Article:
We know that Kutty does not mean George or Krishnan or Moidenn. Even the women have the same suffix kutty in Maria kutty, madhavi kutty etc.

    In other words Kutty is a well used SUFFIX to Malayali names.Similarly, Itty is a PREFIX to Malayali names Some Hindus do have Itty as a prefix to their names. I had a Nair colleague whose
    name was Itty Rarichan. I have heard about Hindu women named Itty amma just like our Kutty amma. The meaning of Itty is not so clear as Kutty but it appears it has the same meaning. In Malayalam,the word ‘Ittu’ means little / small / not much. Itty must have derived from Ittu- meaning small or kutty.

    One thing is clear. Itty does not mean abraham or for that matter any christian or Hindu mame. Itty used to be a Prefix to a name; but like Kutty it attained the status of a name.. In all probability it meant
    Kutty or Little or Junior

    Others are welcome to their opinions-
    Kurien Verghese

  • Kuruvilla Amprayil-Cherian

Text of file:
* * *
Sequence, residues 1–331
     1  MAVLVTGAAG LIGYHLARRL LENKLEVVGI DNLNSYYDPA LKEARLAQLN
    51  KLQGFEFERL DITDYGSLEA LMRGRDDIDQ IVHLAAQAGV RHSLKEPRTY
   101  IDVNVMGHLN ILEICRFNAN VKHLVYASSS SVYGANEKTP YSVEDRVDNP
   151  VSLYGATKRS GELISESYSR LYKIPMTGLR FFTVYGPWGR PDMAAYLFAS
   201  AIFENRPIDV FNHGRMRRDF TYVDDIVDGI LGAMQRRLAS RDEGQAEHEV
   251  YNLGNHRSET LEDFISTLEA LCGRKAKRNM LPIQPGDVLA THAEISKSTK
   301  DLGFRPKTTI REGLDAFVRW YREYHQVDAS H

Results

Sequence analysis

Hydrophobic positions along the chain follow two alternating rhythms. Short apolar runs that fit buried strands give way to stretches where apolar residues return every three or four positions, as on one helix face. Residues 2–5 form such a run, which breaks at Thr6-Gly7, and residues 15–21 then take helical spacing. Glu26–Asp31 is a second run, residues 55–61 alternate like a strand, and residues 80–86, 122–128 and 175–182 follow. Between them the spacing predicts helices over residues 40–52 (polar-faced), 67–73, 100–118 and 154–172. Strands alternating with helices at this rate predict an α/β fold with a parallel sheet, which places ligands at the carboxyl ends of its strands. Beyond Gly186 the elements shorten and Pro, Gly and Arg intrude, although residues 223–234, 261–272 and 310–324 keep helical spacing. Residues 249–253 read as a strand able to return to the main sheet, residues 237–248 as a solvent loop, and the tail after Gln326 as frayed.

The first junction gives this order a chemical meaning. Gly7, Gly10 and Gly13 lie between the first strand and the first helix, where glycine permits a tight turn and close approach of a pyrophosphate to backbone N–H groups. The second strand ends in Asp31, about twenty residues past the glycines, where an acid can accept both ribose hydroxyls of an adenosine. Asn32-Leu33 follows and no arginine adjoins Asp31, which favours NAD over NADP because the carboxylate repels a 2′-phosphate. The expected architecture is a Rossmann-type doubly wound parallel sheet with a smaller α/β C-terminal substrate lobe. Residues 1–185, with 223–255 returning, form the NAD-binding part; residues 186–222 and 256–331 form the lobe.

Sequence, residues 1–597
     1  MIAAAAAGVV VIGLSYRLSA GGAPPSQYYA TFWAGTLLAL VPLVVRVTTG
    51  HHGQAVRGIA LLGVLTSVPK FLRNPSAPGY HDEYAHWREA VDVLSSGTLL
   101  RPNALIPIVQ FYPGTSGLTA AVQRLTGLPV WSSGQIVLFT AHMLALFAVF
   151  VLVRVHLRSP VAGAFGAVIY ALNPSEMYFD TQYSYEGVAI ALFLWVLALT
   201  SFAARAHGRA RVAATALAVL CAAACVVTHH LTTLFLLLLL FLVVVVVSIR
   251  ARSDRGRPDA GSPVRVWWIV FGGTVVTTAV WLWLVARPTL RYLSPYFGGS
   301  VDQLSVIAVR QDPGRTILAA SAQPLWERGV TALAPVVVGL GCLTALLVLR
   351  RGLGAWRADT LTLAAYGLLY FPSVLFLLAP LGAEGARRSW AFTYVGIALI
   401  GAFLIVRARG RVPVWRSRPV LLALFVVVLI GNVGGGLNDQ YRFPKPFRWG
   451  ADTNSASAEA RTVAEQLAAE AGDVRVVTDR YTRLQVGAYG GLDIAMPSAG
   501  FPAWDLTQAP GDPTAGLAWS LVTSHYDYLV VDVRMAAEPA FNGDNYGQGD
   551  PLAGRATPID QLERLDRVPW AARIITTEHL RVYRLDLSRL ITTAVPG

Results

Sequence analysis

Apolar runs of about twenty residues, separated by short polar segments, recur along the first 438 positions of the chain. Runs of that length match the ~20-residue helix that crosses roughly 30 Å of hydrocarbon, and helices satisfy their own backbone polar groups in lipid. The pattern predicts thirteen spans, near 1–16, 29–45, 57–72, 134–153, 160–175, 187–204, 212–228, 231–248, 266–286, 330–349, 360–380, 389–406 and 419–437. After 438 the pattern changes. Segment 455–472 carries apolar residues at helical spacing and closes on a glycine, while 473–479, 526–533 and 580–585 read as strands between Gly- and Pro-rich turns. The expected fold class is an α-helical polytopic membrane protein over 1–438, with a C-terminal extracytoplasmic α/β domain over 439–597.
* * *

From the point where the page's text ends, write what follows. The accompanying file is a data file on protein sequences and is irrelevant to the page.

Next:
Pillai’s ‘brilliant’ and fertile imagination in defining ‘origins’ of Syrian Christian names revealed his true colors – which apparently has a strong tinge of saffaron! I am reminded of another guy who I once met in Australia – he tried to convince me the name “Australia” was derived from Sanskrit: “Astra + aalaya”…because that “in the ancient past that was where nuclear weapons referred to in the Vedas were tested…”! He was another strong “saffron-ite”..

  • John Mathew

    To the imbecile with initials K.V.: I could care less of your personal feelings towards Judaism or Jews. However, your moronic insult towards the holy name of the God of the Bible should be attacked for the drivel it is.

    I think it was a Hindu (Ramakrishna) who mentioned that of all the names of God, it was the Hebrew OT name (the Tetragrammaton) that was the most deepest. The origin of that name is along the same lines as “I am”, that is, it pertains to existence, as in the God who exists, or the God who created existence itself.

    This name is the the name of God that is invoked in the OT more than any other name, because it is God’s name. The Hebrew original name of Jesus, includes this name, as do the names of many Prophets, etc.

    To insult this name is extremely foolish, and shows the manifest ignorance and utter stupidity of K.V.